Stay Positive

Quitting smoking is difficult, there’s no doubt about that. Try not to think of quitting as forever. Take it day by day and the time will soon add up. Your quitting experience might not be perfect, but all that matters is that you don’t relapse. Reward yourself for being smoke free for 24 hours, a month, a year and so on. You deserve it! And if you’re not quite ready to quit today, set a date that makes the most sense for you. It’s okay if you need extra time to prepare.

Medical Assistance

Some people find it helpful to use behavioral therapies, counseling, or medications like over the counter nicotine patches, gum, or lozenges. But if you need something a little stronger, there are successful prescription non-nicotine medicines available like bupropion SR (Zyban®) and varenicline tartrate (Chantix®). However, counseling and medication are both effective for treating tobacco dependence and using them together is even more effective than using either one alone.

Benefits of Quitting Smoking

There are many health benefits of quitting smoking, and those begin within minutes of smoking your last cigarette. Your body will begin to recover from the damages caused by smoking and will continue to repair itself for years. Your heart rate and blood pressure will drop, the carbon monoxide level in your blood will drop to normal, your circulation improves, and your lung function increases. You will notice reduced respiratory symptoms, such as coughing, wheezing, and shortness of breath. While these symptoms may not disappear, they do not continue to progress at the same rate among people who quit compared with those who continue to smoke. Your excess risk of coronary heart disease will become half to those who still smoke, and your risk of heart attacks will drop dramatically. Your will lower your risk of lung cancer, and for many other types of cancer too like mouth, throat, esophagus and bladder, those risks will cut in half.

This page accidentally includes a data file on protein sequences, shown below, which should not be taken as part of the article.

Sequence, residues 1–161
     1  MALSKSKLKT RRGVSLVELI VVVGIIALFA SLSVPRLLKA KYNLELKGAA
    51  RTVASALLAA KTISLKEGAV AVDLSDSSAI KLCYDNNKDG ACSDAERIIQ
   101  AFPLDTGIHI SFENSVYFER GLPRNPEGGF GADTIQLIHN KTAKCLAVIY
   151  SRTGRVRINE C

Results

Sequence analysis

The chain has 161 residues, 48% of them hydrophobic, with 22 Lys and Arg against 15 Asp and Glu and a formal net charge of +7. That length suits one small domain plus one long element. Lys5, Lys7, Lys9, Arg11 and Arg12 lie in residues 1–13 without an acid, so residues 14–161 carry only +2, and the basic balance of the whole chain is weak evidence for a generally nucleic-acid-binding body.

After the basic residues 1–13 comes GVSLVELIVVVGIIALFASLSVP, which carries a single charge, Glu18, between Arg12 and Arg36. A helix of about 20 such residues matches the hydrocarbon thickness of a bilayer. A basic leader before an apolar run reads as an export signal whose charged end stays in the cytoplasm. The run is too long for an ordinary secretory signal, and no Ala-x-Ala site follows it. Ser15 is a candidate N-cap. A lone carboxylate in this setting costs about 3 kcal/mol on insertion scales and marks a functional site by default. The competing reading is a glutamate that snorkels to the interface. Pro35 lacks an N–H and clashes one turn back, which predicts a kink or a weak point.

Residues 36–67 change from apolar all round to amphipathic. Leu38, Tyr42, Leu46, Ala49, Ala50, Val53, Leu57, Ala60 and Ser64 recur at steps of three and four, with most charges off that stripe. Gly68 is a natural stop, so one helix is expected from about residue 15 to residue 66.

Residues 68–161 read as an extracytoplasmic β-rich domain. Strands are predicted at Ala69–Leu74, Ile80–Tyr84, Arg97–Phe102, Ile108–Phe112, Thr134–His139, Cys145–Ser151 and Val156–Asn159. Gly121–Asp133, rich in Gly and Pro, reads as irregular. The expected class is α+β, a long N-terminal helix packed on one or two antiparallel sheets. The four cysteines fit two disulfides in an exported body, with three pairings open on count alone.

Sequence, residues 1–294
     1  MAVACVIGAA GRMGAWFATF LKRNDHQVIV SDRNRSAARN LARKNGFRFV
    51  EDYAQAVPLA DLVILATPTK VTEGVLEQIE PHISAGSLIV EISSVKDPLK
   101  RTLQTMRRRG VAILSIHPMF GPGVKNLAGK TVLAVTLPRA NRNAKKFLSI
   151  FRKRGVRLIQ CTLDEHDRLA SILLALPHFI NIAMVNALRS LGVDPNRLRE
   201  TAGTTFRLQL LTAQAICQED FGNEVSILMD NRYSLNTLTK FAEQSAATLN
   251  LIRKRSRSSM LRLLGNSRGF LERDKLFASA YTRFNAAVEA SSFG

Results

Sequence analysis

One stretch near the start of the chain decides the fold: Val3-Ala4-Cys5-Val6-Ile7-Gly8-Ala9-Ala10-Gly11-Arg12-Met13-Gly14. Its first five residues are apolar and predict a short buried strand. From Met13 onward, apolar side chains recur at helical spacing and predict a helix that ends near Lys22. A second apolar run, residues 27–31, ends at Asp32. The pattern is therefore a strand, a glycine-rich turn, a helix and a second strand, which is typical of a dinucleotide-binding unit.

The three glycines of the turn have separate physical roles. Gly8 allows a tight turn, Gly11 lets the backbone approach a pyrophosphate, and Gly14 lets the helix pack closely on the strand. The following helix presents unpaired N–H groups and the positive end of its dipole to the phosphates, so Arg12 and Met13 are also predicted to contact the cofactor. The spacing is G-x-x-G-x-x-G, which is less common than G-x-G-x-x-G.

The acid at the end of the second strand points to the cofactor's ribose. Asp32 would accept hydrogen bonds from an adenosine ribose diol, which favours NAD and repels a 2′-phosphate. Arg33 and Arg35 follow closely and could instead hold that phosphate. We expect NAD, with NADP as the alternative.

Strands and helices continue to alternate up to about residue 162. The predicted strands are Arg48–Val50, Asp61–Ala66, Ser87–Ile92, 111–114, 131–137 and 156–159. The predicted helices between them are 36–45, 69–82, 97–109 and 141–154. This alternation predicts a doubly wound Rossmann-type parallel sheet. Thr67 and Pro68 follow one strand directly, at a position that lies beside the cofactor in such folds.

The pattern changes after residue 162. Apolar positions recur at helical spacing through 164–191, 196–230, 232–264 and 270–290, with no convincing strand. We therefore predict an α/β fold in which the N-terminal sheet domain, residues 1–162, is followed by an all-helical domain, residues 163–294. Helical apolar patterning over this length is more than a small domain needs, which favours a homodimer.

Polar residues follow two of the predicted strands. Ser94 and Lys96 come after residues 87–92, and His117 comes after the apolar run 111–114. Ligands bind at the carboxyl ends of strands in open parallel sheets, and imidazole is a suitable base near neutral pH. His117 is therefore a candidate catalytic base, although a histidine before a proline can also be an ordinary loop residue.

Smoking remains the leading cause of preventable death and disease in the United States, killing more than 480,000 Americans each year. The only proven strategy to protect yourself from harm is to never smoke, and if you do smoke or use tobacco products, to quit. Speak with your primary care doctor about your personal health and to determine which medication(s) or combination of them may be the best for you to try. It’s time you kick the habit for good.
Don’t have a health care provider? We can help with that! Community Care has primary care offices located throughout the Capital Region. For assistance with finding a doctor, please visit our website or call our Concierge Care Coordinator at (518) 782-3800.